500 should have been able to stop or at least limit massacres.39 But the crux of the matter is not in numbers. he just held him by his shirt and started dragging him . a half of that number of soldiers at the disposal of UNAMIR could not confront them at all?38 At other occasions the general claimed that as little as 1. including the Force Commander. . former Chief of the Presidential Staff. a French general. After that he just rubbed his bloodstained machete on his buttocks and then searched his pockets . deserve recognition for their efforts. Ingvar Carlsson. The inquiry claims that a force numbering 2. released a report of the “Independent Inquiry into the Actions of the United Nations during the 1994 Genocide in Rwanda. While examples of appalling failures are not lacking in the report. It appeared that the members of UNAMIR were not prepared to do much.500 additional men and a clear mandate would be sufﬁcient for bringing the unleashed violence under control. . tactics. . .
WHAT HAPPENED TO THE UN IN RWANDA? In a clear break with the long tradition of UN infallibility. and the resolve of men on the ground to take risks in defense of their mission and in protection of the lives of men. an independent inquiry. It is in strategy. Serious mistakes and errors of the UN Secretariat which are part of that truth are mitigated in the report by the generalizations referring to the debacle in Rwanda as a failure by the United Nations system as a whole and a lack of political will by the international community. and children in mortal danger.”42 For the ﬁrst time. Like no other mission. One of them remembered a street scene in Kigali seen from the balcony of UNAMIR’s headquarters: “.”40 Even the most underequipped military contingents dispose of means more persuasive than their vocal chords.41 But the old-fashioned term went out of use in discussions of military matters ages ago and did not appear in the Rwandan context either. . . Referring to Dallaire’s instructions from the UN headquarters preventing UNAMIR from using force under any circumstances. and just raised the machete and hacked him in the head. Rwanda illustrated the tragic results of a narrow interpretation of peacekeeping doctrine and of the mission mandate prevailing over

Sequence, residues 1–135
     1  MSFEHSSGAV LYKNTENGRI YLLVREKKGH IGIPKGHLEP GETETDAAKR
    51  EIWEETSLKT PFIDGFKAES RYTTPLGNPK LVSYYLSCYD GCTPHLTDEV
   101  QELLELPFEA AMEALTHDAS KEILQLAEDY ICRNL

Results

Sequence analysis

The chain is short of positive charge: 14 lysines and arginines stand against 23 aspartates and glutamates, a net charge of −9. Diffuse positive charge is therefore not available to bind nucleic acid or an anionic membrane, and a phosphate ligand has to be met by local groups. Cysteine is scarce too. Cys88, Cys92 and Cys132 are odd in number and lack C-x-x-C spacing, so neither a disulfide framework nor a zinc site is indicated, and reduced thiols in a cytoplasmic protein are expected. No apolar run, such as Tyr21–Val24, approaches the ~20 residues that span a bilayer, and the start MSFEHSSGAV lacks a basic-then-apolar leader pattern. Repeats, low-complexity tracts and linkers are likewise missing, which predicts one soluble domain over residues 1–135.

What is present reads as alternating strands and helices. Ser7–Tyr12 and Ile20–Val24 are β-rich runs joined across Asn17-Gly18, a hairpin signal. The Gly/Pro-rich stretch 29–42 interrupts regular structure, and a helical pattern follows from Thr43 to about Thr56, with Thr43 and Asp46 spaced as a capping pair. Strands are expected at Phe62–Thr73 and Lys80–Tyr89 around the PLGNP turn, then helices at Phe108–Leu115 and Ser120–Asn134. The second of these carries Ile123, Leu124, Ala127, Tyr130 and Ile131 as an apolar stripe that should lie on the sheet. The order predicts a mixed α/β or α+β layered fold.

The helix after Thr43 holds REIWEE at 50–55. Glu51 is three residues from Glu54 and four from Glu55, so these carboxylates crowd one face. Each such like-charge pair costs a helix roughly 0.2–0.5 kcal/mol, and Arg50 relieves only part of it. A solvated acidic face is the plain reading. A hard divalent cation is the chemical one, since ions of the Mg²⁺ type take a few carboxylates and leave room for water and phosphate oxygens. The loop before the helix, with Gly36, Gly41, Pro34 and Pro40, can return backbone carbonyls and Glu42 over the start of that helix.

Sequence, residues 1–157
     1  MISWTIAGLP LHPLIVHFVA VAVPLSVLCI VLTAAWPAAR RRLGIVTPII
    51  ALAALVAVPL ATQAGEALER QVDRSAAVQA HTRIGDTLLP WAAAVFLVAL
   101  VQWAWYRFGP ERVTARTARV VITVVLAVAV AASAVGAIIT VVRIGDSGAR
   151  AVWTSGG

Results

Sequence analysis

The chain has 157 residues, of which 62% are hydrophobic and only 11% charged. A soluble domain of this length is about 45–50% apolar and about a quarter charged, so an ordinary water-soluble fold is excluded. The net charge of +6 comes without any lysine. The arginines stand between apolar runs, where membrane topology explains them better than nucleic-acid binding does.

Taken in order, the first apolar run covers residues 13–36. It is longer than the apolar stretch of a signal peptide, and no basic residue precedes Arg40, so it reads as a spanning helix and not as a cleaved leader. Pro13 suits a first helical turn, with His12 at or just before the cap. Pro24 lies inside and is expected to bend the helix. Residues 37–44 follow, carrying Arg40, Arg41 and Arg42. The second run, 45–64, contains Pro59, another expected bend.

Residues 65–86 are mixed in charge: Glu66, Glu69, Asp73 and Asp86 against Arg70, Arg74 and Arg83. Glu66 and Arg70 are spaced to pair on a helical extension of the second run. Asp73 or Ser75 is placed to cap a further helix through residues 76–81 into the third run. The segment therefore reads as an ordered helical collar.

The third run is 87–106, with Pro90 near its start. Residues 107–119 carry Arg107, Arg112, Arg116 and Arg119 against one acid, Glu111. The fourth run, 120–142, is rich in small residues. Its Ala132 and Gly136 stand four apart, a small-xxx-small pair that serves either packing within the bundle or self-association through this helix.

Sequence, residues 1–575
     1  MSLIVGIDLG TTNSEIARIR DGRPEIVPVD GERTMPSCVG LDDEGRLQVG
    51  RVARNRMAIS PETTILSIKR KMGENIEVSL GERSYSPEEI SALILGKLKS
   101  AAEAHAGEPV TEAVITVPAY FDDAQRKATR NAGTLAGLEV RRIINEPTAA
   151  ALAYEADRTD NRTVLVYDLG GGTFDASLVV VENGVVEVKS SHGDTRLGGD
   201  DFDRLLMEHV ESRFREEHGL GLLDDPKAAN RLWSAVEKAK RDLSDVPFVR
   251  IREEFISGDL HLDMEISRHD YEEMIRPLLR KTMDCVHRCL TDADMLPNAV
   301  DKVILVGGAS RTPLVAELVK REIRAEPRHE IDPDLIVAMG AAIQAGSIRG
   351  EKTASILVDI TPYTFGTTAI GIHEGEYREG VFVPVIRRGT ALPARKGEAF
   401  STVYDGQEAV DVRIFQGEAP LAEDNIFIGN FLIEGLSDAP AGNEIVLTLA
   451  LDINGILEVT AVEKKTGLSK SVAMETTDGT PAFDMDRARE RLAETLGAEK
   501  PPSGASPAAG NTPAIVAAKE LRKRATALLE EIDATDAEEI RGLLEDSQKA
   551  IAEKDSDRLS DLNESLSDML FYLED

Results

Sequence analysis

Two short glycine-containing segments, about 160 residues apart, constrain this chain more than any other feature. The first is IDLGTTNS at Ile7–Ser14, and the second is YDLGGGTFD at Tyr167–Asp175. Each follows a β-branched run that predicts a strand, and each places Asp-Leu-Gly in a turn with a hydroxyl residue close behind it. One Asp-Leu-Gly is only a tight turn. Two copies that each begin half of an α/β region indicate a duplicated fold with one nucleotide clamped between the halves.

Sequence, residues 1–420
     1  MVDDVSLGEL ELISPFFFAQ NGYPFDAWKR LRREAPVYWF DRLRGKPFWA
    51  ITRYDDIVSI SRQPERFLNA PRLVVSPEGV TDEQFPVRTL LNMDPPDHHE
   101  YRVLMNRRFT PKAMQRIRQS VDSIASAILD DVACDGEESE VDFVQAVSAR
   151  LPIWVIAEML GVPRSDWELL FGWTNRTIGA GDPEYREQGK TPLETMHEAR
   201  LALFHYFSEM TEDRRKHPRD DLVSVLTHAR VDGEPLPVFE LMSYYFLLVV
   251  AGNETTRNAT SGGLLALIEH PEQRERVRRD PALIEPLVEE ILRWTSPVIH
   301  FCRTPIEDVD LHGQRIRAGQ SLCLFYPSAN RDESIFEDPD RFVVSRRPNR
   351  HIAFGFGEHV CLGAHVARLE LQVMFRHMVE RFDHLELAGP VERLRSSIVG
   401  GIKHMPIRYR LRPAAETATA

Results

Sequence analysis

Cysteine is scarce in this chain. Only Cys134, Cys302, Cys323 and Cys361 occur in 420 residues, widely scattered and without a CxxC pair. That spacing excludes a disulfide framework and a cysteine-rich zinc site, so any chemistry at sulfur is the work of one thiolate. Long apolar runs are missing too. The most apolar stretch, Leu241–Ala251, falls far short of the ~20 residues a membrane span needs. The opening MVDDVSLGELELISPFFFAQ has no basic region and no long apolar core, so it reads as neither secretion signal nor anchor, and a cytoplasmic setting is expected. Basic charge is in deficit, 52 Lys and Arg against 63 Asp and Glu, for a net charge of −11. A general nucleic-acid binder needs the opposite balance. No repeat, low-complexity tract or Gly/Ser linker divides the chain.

. but at the same time asserts that the peacekeepers who remained throughout the genocide. . Annan. . women. led by the former Prime Minister of Sweden.000 men would be able effectively oppose the killers. Christian Quesnot. hedging behind the artiﬁces of peacekeeping doctrine and a muddy mandate. we all screamed at this. Not long after . there was a tipper truck (dump truck) . Neither the doctrine of peacekeeping nor the responsibilities of individuals is raised up. In Rwanda they choose to use the latter only. . observed that knowing when to disobey is for military men a matter of honor. detailed to collect bodies from the street.122